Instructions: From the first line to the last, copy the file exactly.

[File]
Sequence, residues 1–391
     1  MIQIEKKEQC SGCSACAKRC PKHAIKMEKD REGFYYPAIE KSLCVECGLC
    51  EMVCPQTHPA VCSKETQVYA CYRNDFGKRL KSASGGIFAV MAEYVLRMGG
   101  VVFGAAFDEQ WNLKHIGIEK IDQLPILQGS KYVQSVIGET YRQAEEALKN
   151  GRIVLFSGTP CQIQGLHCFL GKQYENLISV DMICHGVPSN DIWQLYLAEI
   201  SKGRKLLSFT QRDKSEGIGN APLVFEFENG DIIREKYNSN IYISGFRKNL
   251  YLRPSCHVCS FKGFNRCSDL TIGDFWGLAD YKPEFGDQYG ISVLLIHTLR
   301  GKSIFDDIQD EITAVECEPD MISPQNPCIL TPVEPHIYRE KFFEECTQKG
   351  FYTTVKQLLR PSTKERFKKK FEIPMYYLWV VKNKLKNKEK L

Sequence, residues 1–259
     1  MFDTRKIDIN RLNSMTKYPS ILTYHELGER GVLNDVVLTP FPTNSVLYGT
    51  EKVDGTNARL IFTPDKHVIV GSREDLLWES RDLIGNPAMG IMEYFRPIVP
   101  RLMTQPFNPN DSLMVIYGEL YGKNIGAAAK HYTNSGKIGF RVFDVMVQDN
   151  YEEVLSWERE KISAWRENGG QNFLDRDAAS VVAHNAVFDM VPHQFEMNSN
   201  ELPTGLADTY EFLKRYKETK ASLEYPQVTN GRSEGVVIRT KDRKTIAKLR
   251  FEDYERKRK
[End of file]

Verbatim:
Sequence, residues 1–391
     1  MIQIEKKEQC SGCSACAKRC PKHAIKMEKD REGFYYPAIE KSLCVECGLC
    51  EMVCPQTHPA VCSKETQVYA CYRNDFGKRL KSASGGIFAV MAEYVLRMGG
   101  VVFGAAFDEQ WNLKHIGIEK IDQLPILQGS KYVQSVIGET YRQAEEALKN
   151  GRIVLFSGTP CQIQGLHCFL GKQYENLISV DMICHGVPSN DIWQLYLAEI
   201  SKGRKLLSFT QRDKSEGIGN APLVFEFENG DIIREKYNSN IYISGFRKNL
   251  YLRPSCHVCS FKGFNRCSDL TIGDFWGLAD YKPEFGDQYG ISVLLIHTLR
   301  GKSIFDDIQD EITAVECEPD MISPQNPCIL TPVEPHIYRE KFFEECTQKG
   351  FYTTVKQLLR PSTKERFKKK FEIPMYYLWV VKNKLKNKEK L

Sequence, residues 1–259
     1  MFDTRKIDIN RLNSMTKYPS ILTYHELGER GVLNDVVLTP FPTNSVLYGT
    51  EKVDGTNARL IFTPDKHVIV GSREDLLWES RDLIGNPAMG IMEYFRPIVP
   101  RLMTQPFNPN DSLMVIYGEL YGKNIGAAAK HYTNSGKIGF RVFDVMVQDN
   151  YEEVLSWERE KISAWRENGG QNFLDRDAAS VVAHNAVFDM VPHQFEMNSN
   201  ELPTGLADTY EFLKRYKETK ASLEYPQVTN GRSEGVVIRT KDRKTIAKLR
   251  FEDYERKRK